Kathy writes, “The lie, 'I deserve to be happy all the time' is one of five I unpack in my new book, Screens and Teens: Connecting with Our Kids in a Wireless World.” (2015). Dr. Koch has some very compelling insights to offer regarding some of the deleterious effects of technology in society today, especially as this relates to raising healthy children.
Time Tuned Into Technology
A report published in 2009 by Stamford University concluded that Americans spend 90% of waking hours staring at glowing rectangles. The lead author of the report, Dr. Richard Menken said, “From the moment they wake up in the morning, to the moment they lose consciousness at night, Americans are in near-constant visual contact with bright, pulsating rectangles.” The researchers identified 30 varieties of glowing rectangles that play some role throughout the course of each day and offered, "We discovered in almost all cases that Americans find it enjoyable and rewarding to put their faces in front of glowing rectangles for hours on end,". Though there are many true benefits to the current technological revolution, it's a fact that increasingly engaging technology can be addictive and can have a more serious impact on children that have more difficulty in separating truth from fiction in media.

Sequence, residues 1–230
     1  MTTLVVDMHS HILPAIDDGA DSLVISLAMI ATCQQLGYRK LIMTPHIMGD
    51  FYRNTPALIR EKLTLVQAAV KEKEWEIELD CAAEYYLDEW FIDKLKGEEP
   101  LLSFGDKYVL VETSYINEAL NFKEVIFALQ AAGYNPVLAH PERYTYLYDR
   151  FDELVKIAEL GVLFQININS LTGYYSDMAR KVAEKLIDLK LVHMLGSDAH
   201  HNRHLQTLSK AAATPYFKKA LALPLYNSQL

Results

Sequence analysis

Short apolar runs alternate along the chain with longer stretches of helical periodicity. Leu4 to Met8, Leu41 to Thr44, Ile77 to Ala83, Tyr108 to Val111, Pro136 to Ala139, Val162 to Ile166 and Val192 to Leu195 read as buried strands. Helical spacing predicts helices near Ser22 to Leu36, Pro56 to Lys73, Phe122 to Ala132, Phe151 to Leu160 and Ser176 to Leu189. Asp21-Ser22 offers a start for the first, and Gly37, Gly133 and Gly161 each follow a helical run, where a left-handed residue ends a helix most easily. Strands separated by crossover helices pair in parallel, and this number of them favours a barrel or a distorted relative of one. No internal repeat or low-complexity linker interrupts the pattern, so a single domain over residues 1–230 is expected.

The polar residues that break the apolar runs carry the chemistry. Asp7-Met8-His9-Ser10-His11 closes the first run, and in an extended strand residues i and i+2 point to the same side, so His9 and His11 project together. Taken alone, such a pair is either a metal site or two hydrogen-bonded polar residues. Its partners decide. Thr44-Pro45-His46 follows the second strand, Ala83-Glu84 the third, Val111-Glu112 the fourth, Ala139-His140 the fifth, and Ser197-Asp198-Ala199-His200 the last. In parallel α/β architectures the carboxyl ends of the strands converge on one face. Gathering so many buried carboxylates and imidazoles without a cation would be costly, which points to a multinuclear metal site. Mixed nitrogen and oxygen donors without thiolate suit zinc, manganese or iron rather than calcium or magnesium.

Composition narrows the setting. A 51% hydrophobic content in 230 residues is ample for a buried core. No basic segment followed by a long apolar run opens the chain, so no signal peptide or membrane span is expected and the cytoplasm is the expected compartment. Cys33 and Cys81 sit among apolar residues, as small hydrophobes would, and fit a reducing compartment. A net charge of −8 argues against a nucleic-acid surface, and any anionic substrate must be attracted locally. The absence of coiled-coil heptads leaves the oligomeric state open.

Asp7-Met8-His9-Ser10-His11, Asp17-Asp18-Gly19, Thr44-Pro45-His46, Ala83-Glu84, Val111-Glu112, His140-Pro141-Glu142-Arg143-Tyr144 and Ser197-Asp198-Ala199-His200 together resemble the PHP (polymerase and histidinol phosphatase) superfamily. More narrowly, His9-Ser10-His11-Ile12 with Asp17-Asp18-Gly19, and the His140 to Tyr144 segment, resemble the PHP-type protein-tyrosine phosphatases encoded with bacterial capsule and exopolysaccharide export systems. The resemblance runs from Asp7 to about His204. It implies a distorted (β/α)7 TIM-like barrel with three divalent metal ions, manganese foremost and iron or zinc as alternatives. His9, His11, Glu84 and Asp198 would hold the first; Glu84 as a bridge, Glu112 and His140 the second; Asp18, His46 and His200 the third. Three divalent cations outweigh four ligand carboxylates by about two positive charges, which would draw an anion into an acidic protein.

The Five Core Needs of Life
The fixation with artificial intelligence and virtual video worlds is especially poignant when we consider the types of media directed at children and how it influences their perception of reality and values. Dr. Koch doesn't just outline the problems. In another book, Authentic Hope, she goes into depth regarding how our sense of identity controls our behavior and how our five core needs can be met in much healthier ways than with video games. As you review the five core needs, its easy to see how a video-game world offers a very warped perspective on addressing these needs at an impressionable age of life. The first need is for security—Who can I trust? The second, identity—Who am I? The third, belonging—Who wants me? The fourth is for purpose—Why am I alive? And the fifth, competence—What do I do well? The full title of that book is Finding Authentic Hope and Wholeness: 5 Questions That Will Change Your Life (2005).